Expect More National Anthem Protests in NBA than NFL

With the NBA season approaching, there have started to be discussions about national anthem protests in the NBA, similar to what is currently happening in the NFL.

Ever since Colin Kaepernick sat for the national anthem during the NFL preseason, there has been a growing amount of other players taking part in some form of protest.

Often, that is taking a knee, holding a hand up in the air, or linking arms, as the Seattle Seahawks did. There have also been protests by the WNBA’s Indiana Fever‘s entire team, plus the US Woman’s National Team’s Megan Rapinoe.

The NBA and the NBA Players Association are already in discussions about how to handle protests, especially given that it is against NBA rules to sit for the anthem. Oklahoma City Thunder’s guard Victor Oladipo recently said he strongly feels players will protests.

Why would the NBA have more than the NFL? There are several causes.

Continued Social Activism: While it is much easier to remember the recent NFL protests, the NBA was clearly moving towards increased activism over the past couple seasons.

Going back to the 2014-15 season, there was the ‘I can’t breath’ shirts worn by players throughout the NBA, referencing a quote from Eric Garner, a young African-American that was killed by a police officer in an incident caught on camera.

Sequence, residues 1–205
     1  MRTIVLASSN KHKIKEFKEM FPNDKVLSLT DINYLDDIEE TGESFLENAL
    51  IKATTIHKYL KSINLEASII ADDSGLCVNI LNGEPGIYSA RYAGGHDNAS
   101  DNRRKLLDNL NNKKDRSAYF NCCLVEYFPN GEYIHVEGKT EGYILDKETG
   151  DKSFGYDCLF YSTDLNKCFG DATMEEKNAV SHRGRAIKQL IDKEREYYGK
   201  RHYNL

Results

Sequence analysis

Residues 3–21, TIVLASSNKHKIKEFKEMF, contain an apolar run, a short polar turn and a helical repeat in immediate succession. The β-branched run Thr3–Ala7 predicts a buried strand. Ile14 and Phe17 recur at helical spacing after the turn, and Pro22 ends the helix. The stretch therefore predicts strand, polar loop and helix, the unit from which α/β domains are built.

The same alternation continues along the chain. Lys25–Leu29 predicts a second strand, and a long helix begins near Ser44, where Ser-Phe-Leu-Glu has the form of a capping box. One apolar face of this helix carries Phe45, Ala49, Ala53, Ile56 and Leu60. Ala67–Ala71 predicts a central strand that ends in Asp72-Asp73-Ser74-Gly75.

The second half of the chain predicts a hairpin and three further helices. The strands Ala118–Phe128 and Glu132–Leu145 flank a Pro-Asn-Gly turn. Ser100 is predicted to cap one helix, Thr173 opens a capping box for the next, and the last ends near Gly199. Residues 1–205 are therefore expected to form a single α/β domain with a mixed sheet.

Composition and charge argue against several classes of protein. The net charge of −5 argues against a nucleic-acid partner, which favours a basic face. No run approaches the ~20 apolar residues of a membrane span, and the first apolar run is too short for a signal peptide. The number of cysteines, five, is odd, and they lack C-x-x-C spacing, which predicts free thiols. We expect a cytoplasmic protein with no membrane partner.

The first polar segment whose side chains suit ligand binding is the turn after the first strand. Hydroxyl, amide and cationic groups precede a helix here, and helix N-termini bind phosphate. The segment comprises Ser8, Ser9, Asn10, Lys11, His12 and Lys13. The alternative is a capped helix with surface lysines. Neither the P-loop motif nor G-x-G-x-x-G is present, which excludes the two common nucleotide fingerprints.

Lebron James and Carmelo Anthony both were taking larger roles as social activists and leaders more than a year ago. Chris Paul and Dwayne Wade joined those two men at the ESPY’s to speak out about the issues.

Guaranteed Contracts: NBA players get far more guaranteed money than players in the NFL. Not only does that mean they’ve likely pocketed more than NFL players, but for a guaranteed contract, they still get paid if they’re released.

That is not to say that teams are actively releasing players for protesting. But you are clearly putting yourself on the line and bringing the attention to yourself when you protest. This will just be one fewer issue for NBA players to consider.

More Games – and More Interviews: With 82 games over the course of a season, and the media time that goes along with each other those games, NBA players are going to have an absolutely massive platform should they decide to protest.

NBA players will have the greatest opportunity to protest, with the least to lose. That is a recipe for protests.

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